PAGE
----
While it was a delight to see old friends and colleagues, whom I had only “visited” on Zoom during the past two years, I still tread cautiously on what had become unfamiliar turf. Part of it was, no doubt, a fear of infection. Coming from a large extended family that includes members who are immuno-compromised, I wasn’t willing to put them or myself at risk. But I freely acknowledge the simple, yet inescapable, truth that after two full years of social isolation, getting out into the world and re-engaging with others is both joyous and difficult. Some may say I’m like a victim of “Stockholm Syndrome” – more comfortable in my cave than outside in the world. But the reasons for the discomfort were more complicated.

The past two years have been a nightmare of loss and isolation. They have also been a void. It has been as if time stood still. There was life before Covid-19, and we hope there will be life after Covid-19. The problem is the world is not entirely finished with this pandemic.

I take some comfort in polls showing that I’m not alone. The US public, for instance, is evenly divided on the issue of ending the mask mandates and relaxing restrictions on social gatherings. To some extent, the division there is partisan. It is tragic that in today’s deeply divided America, the pandemic, like almost everything else, has become politicised. Too many Republicans believe that the pandemic was a Democratic-hyped conspiracy from the start. One quarter of Americans are still unvaccinated and one half aren’t fully vaccinated, and there’s compelling data that the unvaccinated are 10 times more likely to be hospitalised with serious illness from the disease than the fully vaccinated. In any case, despite the significant drop in daily reported cases, Covid-19 still accounts for one out of every seven deaths in the US. By any measure, America is not out of the woods.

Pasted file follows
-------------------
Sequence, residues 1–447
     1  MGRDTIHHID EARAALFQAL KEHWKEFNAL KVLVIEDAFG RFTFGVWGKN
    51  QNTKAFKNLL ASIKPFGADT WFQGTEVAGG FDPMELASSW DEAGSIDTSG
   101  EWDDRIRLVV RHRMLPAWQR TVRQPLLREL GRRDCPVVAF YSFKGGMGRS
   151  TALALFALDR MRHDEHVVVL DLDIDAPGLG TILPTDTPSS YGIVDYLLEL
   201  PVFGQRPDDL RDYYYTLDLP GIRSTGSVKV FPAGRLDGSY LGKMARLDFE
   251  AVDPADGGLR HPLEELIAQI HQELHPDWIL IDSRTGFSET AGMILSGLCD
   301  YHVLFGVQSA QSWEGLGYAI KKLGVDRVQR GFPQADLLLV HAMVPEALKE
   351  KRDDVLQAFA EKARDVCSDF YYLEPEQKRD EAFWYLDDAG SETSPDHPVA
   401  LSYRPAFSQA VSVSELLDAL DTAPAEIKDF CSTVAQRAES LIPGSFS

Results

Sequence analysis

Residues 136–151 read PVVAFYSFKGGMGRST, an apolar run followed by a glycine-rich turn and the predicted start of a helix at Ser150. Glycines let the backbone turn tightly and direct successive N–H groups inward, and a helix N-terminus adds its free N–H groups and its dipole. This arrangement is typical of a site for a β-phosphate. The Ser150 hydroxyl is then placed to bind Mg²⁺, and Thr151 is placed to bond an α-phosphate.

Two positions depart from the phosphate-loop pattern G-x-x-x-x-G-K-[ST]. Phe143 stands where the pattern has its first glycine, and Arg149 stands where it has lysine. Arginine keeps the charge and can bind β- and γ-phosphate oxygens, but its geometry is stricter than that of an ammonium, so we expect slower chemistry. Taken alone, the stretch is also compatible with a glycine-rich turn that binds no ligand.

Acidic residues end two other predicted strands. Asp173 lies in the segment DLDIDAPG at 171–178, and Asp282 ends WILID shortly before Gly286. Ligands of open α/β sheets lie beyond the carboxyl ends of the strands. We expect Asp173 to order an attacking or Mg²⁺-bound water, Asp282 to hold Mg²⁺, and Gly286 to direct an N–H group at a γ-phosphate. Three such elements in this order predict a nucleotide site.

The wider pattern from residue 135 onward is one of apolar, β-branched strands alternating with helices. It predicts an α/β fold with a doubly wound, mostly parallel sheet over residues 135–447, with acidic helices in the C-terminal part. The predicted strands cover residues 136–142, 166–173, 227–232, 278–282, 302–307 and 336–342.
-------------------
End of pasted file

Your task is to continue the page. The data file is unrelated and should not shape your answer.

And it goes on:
After my outing, I decided to make an effort to return to my office. I’ve been there only four times in the past two years. Each time I’ve gone, it reminds me of Pompeii – a place frozen in the past before the disaster struck. Messages from two-and-a-half years ago that I won’t need to return. Stacks of reading materials so dated I’ll never read them. It’s strange to feel the need to be re-acclimated to a place I went daily for 35 years. It’s the same place. It’s just that everything else has changed.

Struggling to continue my emergence into the world, this week I’m taking an even bigger leap as I travel to New York for a few speaking engagements. The prospect of this has me feeling uneasy. You would think that this would be unusual for someone who has spent the majority of his adult life making speeches before audiences around the world and, even since Covid-19, does at least one a week via Zoom. But the prospect of doing what was once normal – getting on a plane, speaking before a few hundred people, exchanging pleasantries afterwards, and all the rest – now feels unsettling.

But I am now out of the cave and committed to making a go of it. Unlike those who never took Covid-19 seriously, I did. And unlike those who behave as if it was all just a passing nightmare and it’s over, I do not. For me, there’ll be no blissful return to “normal”. But life does go on, and I am determined to make the best of it while we can, and to do so cautiously.

Published: April 07, 2022, 4:00 AM
James Zogby

James Zogby

Dr James Zogby is the president of the Arab American Institute and a columnist for The National